As schools reopen for candidates and finalists, questions continue to linger among stakeholders how and when the rest of the students will resume school amidst the coronavirus disease (Covid-19) pandemic.
For Yiya Solutions, an education NGO whose AirScience pilot program recently won the MIT Solve 2020 Award (Learning for Girls and Women category), students don’t have to be rushed back into school just yet.
They are providing enough tools that can be scaled to teach most subjects on the most basic feature phone. Solve is an initiative of the Massachusetts Institute of Technology (MIT) whose mission is to use technology and engineering to solve world challenges.
Yiya is using AirScience to teach STEM (science, technology, engineering and mathematics) to underprivileged students in rural areas in northern Uganda. What started as a pilot project necessitated by the Covid-19 pandemic has now turned out to be an effective teaching methodology in the country during the pandemic.
The AirScience project was conceptualized after schools were closed and over 15 million students were sent home by President Museveni in March following outbreak of Covid-19.
“When schools closed, international schools immediately switched to Zoom software within two to three days and learning continued because they already had these tools,” says Erin Fitzgerald, the Yiya Solutions co-founder and executive director.
Adds Samson Wambuzi, the Yiya Solutions co-founder and director of operations: “We said we need to do something. Even on radio, none of the lessons included science because of the lack of engagement and that is how we came with the idea of teaching STEM content virtually to students in rural areas to access lessons for free. What we are finding out now this concept will transcend the pandemic.” The ministry of Science, Technology, and Innovation (MOSTI) is supportive of the initiative and has recorded adverts encouraging youth to engage in Yiya AirScience.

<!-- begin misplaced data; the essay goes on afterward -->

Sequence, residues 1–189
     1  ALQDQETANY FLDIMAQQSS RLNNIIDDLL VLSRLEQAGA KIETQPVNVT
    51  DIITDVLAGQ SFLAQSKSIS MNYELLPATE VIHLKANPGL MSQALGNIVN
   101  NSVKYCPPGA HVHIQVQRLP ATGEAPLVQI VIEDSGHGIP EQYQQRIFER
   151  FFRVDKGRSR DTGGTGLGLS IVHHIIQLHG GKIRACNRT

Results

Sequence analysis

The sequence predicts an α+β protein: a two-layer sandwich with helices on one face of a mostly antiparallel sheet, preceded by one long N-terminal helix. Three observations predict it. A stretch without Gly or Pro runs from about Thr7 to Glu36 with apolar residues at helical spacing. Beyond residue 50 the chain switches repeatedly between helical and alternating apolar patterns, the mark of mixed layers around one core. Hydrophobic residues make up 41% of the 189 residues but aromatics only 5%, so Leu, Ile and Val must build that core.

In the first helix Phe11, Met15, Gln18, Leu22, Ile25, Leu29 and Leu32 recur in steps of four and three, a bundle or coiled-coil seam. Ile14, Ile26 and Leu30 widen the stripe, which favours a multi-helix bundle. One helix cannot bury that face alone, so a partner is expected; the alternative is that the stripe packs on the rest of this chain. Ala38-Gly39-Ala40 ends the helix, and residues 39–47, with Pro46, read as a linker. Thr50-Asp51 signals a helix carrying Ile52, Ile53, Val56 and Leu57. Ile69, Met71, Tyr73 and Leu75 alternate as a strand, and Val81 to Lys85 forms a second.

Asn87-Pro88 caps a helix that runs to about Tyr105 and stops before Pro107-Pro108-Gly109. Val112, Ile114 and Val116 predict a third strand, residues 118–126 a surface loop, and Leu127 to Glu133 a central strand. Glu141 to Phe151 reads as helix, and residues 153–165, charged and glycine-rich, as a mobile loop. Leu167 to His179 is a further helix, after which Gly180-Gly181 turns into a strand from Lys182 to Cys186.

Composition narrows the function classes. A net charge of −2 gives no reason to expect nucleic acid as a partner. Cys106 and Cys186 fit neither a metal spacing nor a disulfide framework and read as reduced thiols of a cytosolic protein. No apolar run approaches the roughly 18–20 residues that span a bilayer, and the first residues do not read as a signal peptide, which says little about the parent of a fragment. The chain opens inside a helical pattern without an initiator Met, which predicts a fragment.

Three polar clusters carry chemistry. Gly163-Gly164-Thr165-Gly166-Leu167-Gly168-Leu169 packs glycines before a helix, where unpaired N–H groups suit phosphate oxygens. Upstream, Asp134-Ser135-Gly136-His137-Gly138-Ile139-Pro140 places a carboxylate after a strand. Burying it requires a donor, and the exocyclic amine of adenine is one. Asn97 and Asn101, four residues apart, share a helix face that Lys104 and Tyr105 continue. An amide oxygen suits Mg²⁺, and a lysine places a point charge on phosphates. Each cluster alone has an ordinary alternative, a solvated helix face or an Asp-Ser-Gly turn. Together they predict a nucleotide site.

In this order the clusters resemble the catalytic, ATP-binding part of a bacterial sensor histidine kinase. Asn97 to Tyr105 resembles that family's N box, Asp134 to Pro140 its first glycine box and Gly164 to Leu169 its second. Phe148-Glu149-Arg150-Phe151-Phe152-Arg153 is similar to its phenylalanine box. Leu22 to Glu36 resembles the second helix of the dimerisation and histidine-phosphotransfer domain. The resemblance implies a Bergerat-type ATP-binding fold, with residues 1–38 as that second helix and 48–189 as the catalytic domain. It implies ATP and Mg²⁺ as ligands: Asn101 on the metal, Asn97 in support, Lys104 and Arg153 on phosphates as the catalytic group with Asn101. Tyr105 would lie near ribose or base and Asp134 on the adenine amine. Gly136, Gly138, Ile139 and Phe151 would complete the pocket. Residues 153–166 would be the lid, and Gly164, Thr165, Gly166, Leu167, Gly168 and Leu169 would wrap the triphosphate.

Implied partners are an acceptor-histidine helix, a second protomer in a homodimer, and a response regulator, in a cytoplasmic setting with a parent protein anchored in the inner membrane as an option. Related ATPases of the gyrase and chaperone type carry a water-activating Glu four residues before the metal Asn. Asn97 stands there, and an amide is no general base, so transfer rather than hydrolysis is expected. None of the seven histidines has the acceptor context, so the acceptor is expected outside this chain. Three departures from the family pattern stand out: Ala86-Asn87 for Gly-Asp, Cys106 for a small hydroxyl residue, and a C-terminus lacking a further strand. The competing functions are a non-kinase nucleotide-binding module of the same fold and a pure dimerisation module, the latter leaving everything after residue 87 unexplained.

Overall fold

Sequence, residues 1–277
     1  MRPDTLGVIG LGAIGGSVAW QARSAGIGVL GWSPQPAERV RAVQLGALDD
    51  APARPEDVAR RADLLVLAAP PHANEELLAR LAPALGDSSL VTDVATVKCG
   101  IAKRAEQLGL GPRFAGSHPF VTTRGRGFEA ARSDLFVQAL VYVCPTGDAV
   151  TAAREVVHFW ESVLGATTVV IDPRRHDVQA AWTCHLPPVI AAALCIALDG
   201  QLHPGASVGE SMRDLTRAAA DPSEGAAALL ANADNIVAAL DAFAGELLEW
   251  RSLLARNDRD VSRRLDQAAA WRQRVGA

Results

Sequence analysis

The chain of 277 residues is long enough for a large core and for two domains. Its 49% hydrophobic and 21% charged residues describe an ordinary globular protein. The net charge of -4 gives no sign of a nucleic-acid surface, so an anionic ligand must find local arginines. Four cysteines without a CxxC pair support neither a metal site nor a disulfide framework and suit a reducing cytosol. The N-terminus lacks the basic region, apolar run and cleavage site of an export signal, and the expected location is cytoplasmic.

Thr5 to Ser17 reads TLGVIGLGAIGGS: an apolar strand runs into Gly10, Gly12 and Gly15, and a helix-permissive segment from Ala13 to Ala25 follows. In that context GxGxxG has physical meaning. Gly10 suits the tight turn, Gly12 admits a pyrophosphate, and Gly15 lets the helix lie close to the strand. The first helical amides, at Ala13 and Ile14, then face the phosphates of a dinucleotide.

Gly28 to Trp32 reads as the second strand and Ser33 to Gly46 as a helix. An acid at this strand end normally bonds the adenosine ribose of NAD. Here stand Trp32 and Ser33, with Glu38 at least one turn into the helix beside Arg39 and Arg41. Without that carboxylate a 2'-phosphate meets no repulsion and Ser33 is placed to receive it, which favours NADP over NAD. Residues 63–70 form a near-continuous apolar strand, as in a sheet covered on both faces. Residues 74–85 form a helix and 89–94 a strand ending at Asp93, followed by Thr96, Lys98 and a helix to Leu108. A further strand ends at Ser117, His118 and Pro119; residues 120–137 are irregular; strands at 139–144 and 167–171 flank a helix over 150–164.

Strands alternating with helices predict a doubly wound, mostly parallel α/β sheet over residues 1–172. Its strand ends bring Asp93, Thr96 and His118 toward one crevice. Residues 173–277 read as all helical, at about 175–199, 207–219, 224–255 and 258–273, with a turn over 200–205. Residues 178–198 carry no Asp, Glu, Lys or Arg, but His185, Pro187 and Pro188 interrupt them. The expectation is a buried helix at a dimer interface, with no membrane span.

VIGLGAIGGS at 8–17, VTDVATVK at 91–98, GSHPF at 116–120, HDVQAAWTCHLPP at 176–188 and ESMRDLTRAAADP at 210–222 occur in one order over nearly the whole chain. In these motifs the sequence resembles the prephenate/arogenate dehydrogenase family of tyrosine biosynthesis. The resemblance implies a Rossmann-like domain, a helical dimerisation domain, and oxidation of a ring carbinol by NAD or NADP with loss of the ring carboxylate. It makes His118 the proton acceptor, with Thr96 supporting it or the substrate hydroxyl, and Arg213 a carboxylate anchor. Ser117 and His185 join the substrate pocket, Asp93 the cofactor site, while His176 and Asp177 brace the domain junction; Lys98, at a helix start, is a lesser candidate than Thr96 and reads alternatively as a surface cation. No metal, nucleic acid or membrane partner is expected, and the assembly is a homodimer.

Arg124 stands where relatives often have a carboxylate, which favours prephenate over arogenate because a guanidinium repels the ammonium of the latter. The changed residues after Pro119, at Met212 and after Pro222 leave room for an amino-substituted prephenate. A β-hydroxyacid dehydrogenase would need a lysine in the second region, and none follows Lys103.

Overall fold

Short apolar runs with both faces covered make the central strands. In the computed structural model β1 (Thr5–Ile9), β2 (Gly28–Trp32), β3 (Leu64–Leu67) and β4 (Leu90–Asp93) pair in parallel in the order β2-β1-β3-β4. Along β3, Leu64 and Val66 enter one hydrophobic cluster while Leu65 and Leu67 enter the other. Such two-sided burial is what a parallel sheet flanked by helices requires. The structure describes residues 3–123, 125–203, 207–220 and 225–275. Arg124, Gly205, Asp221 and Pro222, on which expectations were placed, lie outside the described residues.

Launched in August this year, Yiya Solutions planned to pilot the AirScience programme for about three months targeting 10,000 learners mostly in Gulu and Lira districts. However, halfway through the pilot project, the program already has more than 20,000 registered users with over 10,000 of them active.
Before Covid-19 struck in March, Yiya had an in-school programme partnership with schools in northern Uganda where they had reached 1,000 students and trained 165 teachers in four years with a female representation of 61 per cent.
They took off one hour from the science/maths lessons to engage students and teachers in the engineering design process and the real-world application of science. Fitzgerald told The Observer that they are on a mission where they hope their students can use the learned science even from as lower classes such as senior two and senior three to solve local community problems.
Meanwhile, 47 per cent of the enrolees in the Yiya Solutions programme are out-of-school youth. To encourage engagement, students who answer 10 or more questions are given prizes.
HOW IT WORKS
Amazingly, all the teaching of STEM is done on radio, and until you actually see the backend dashboard online, it is hard to imagine that each question can have up to 5,000 responses from students in just about two days.